Bream-sized crankbaits are being produced by lure manufacturers in ever-expanding numbers and designs. Let’s look at the choices that tackle manufacturers offer anglers who are looking to tempt bull bream.
One of the more appealing aspects of mini crankbaits is their versatility. Since the earliest versions of the smaller bait began to appear, anglers have discovered that they work well on all sorts of fish, including bluegills. The 2-inch-long Rapala Floating Minnow was one of the first small crankbaits used by anglers to target bream. This little fellow has been around a long time, and the gold-finished version has caught countless big bream.
Even though bream aren’t avid minnow eaters, they seem to love chomping down on these minnow look-alikes. Rapala’s HJ06 Husky Jerk is a reliable choice for big bream, and the countdown model gives anglers better depth control. The 1-inch-long countdown model suspends at any depth; you can run it on top or allow it to sink 13 feet. Anglers can target weed tops or sunken structures at specific depths.
Rebel is another company that has expanded its small crankbait line recently. The Rebel F4703 in a silver finish has proved to be irresistible to jumbo bluegills and strikes typically come when this little wiggler is paused during a steady retrieve. Even though the Rebel and Rapala minnow imitations look alike, their actions on retrieve are different, and bream tend to prefer one to the other sometimes. It’s best to have both options available for presentation.Several lure companies make scaled-down versions of their standard larger bass crankbaits. Bomber Lures, for instance, makes a 1-inch crankbait that looks like a shrunken bass plug. These crankbaits are extremely effective on big bream, especially in the olive or red-belly finish.
Lure makers have also produced a dazzling array of mini crankbaits that represent crawfish, grasshoppers, frogs and other potential prey items. Rebel Lures specializes in these true-to-life crankbaits, offering mini-crawfish, grasshoppers, crickets, and even cicadas to tempt bream. And they all work. The lifelike finish catches the angler’s attention in the store, and the small size and erratic action of the plug catches the fish’s attention on the water.
Fishing insider Jeff Samsel recommends anglers try a range of the natural-looking mini cranks to see which works best in varying conditions. For a big splash, toss one of the Rebel grasshopper mini crankbaits under an overhanging limb or in the slower backwater section of a creek and hang on.
How to Fish the Crankbaits
Although bream love underwater cover and downed treetops, some of the biggest bluegills are caught in open water, where small crankbaits excel. Cast the lure as far as possible and retrieve at a steady pace. When open-water fishing, anglers must watch the line.
Often, bluegills will hit a crankbait at the end of a long cast so lightly that the angler doesn’t even feel the hit. The line might twitch, which should signal the angler to slow the retrieval. In open water, big bream often will hit crankbaits again until they finally get hooked. Another advantage to fishing open water with mini-cranks is that a lot of water can be explored fast.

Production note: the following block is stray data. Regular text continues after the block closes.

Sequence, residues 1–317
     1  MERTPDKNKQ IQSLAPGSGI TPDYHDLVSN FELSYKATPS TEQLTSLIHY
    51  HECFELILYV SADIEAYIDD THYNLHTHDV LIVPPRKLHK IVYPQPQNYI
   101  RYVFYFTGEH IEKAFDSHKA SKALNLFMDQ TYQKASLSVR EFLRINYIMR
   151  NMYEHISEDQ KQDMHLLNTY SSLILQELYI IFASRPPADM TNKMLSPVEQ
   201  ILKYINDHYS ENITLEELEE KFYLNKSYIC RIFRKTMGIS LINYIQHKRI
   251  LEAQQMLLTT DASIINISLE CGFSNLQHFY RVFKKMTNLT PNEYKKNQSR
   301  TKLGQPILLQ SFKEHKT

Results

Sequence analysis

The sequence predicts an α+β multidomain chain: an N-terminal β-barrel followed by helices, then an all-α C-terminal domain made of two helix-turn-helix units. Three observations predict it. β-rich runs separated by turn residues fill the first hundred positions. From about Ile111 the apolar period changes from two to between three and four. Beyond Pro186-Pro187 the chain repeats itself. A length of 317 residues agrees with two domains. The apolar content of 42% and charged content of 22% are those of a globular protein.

Any visible underwater cover should be explored. A crankbait should be cast past the cover and pulled down to its optimum running depth. When the little swimmer gets alongside the cover, pause the retrieve to allow the bait to slowly rise or suspend. Bream love to attack a slow-rising bait. The closer a mini-crank is pulled to the cover without hanging up, the more likely a fat bluegill will hammer it.The final technique for catching big bream on a crankbait is Samsel’s favorite. It requires the angler to do nothing.
“Cast the little crankbait as far as possible, and then let it sit,” says Samsel. “Let the impact rings disappear. After several seconds, gently ‘bump’ the floating bait. This doesn’t require a hard jerk — just a light wrist snap to move the bait a whisker. Repeat the sit-still-and-wait technique, and then bump it again. Usually by this point, a bream will be on the line.”
Tiny crankbaits aren’t meant to be used with bass tackle. Anything heavier than 10-pound-test line will effectively kill the wiggle that makes these lures so effective. Also, the lures will not cast well on heavy line. The entire rig needs to match the weight and size of the lure. Putting a crankbait rig together for a bream is a bit of a balancing act. The rig must be delicate enough to allow maximum lure action and casting range, while at the same time provide enough strength to handle hefty fish.
A lightweight-spinning rod with a reel that handles 4- to 8-pound-test line is a good choice for mini-cranks. Of course, the lighter the line, the more action and depth the lure will achieve. Although these little crankbaits dance well on 4-pound-test line, don’t expect line that light to handle many bass in cover. Near cover, 8-pound-test line is a good compromise. It’s light enough to afford good lure motion, and it is heavy enough to provide at least a chance of landing the occasional bass.